The second of two consecutive “super moons” will shine brightly in the night sky this week when the full “buck moon” rises in July 2022, offering skygazers a special summer treat.
Here are a few things to know about the July Full Moon, when to see it, and why it’s so unique among this year’s moons.
What day will the July moon be full?
The first full moon of the summer season (the June moon filled a week before the summer solstice) will officially enter full phase on Wednesday, July 13 at 2:37 p.m. Eastern time. So it will be largest and brightest when it rises above the horizon on Wednesday evening.
If this isn’t a good viewing option for you, remember that the moon looks 98% full on Tuesday evening, July 12th and is 99% illuminated on Thursday, July 14th.
The July Supermoon begins to rise in the southeastern sky over Newark and New York City at 9 p.m. Wednesday and sets around 6:10 a.m. Thursday, according to TimeAndDate.com. The nearly full moon rises again at 9:48 p.m. on Thursday and sets at 7:32 a.m. on Friday.
To find the moonrise and moonset times in your city or community, check this schedule.
Astronomy enthusiasts consider a supermoon to be a moon that becomes full when its elliptical orbit is closer to Earth than an average full moon. This can make it appear slightly larger and up to 30% brighter than usual – especially when it starts to rise above the horizon or when atmospheric conditions are ideal.
Many astronomy fans, including those of Sky & Telescope magazine, believe that a supermoon is a full moon less than 223,000 miles from Earth at the closest point in its orbit known as perigee. TimeAndDate.com, which writes extensively about major celestial events, uses 223,694 miles (that’s 360,000 kilometers) as a benchmark for supermoons.
Because different experts use different distances, some classify more moons as supermoons and others classify less. In 2022, more experts seem to agree that July’s full moon will be the second of only two supermoons this year (June was the other).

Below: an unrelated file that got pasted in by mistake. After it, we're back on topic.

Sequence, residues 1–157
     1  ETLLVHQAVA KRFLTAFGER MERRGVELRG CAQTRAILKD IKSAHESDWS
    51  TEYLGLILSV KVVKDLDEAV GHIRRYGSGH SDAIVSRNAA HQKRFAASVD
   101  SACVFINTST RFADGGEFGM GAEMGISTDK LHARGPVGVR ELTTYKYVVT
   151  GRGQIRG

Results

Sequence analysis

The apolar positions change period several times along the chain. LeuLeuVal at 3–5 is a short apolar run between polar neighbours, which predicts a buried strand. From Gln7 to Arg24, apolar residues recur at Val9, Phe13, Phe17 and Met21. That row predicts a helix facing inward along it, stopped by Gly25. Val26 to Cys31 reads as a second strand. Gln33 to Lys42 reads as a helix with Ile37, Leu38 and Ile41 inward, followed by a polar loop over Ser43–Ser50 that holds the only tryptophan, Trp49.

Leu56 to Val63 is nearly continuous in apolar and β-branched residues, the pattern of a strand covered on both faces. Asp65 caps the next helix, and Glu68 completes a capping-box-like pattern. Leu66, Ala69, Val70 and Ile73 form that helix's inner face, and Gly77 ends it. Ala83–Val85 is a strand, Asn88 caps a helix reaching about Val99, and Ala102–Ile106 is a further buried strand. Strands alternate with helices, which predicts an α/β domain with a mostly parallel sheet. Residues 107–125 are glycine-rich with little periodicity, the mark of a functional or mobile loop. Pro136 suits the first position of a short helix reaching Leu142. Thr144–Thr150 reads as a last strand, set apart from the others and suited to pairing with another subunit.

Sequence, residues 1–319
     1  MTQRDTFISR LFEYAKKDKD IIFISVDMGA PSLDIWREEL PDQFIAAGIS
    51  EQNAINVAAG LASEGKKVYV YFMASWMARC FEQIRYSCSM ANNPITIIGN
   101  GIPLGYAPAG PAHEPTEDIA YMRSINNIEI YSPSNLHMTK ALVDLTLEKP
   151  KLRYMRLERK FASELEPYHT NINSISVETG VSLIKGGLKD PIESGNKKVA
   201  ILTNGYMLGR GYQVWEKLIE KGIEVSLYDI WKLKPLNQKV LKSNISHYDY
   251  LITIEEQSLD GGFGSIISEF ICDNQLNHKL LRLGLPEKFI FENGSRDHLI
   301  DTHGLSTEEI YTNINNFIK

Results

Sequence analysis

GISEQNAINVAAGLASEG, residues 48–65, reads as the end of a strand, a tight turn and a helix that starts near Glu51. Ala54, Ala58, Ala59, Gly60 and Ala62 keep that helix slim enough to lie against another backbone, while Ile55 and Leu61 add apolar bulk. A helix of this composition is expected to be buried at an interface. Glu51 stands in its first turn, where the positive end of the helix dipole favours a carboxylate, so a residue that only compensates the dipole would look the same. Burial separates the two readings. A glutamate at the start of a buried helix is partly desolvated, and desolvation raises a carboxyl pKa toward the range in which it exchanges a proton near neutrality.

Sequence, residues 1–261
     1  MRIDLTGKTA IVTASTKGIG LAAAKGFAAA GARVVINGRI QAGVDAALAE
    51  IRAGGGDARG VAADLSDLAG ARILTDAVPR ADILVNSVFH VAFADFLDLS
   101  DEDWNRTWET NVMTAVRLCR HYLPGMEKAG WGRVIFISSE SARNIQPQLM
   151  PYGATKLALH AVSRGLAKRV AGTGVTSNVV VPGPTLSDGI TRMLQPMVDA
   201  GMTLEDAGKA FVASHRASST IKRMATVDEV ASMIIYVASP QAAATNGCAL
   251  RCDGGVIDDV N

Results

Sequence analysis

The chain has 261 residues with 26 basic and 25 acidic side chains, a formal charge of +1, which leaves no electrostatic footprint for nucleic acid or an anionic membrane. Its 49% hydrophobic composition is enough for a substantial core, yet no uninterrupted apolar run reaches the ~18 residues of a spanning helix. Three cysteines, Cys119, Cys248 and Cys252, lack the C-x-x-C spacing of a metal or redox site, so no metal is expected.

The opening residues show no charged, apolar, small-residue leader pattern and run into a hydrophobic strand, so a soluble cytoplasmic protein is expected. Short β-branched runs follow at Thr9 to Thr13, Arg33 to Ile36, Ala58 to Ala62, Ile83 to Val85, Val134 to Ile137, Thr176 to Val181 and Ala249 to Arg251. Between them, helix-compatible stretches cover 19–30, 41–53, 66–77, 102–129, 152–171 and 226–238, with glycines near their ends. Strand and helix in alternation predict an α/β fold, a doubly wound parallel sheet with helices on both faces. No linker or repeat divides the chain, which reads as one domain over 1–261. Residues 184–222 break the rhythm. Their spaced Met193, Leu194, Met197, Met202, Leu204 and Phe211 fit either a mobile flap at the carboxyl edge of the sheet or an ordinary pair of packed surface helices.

But some considered the full moon in May a supermoon, and some place the August moon in the same classification, bringing the annual total to four.
Regardless of the number, based on its distance from Earth at the time of its full moon time, the moon will be the closest of the year on July 13 – 222,089 miles away – making it the largest and brightest full moon of 2022.
The Algonquin Native American tribes of what is now the eastern region of the United States nicknamed this full moon the “buck moon,” according to NASA and the Old Farmer’s Almanac, because at this time of year the new antlers of male deer — bucks — are in their full growth phase.
The Old Farmer’s Almanac and its rival publication, the Farmers’ Almanac, say that the moon of July is also called the “thunder moon” because of the frequency of thunderstorms that occur during this hot summer month. It is also called “Heumond”.
Other Native American tribes gave this moon the following nickname, directly translated into English:
- “Ripe Corn Moon” – Cherokee tribe
- “Midsummer Moon” – Ponca Tribe
- “Moon when the branches of the trees are broken by fruit” – Zuni tribe
After the July full moon completes its lunar cycle, the next full moon will shine in the sky on Thursday, August 11th. The so-called “Störmond” officially fills up at 9:35 p.m. that day
Don’t forget to keep an eye out for the Perseids – known as one of the best meteor showers of the year. This shower begins on July 14 with sporadic shooting stars, but doesn’t peak until the second week of August, according to the American Meteor Society.
This summer’s Perseids are expected to be most active during the night of August 11th through the early hours of August 12th. However, the timing will be bad for sky watchers as the moon will be 100% full.
The American Meteor Society says that people in dark rural areas, away from the glare of city lights, can typically see up to 60 to 75 meteors an hour during the peak period. But the brightness of the full moon this August will likely reduce the visibility of shooting stars, especially the faint ones.
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Len Melisurgo can be reached at LMelisurgo@njadvancemedia.com.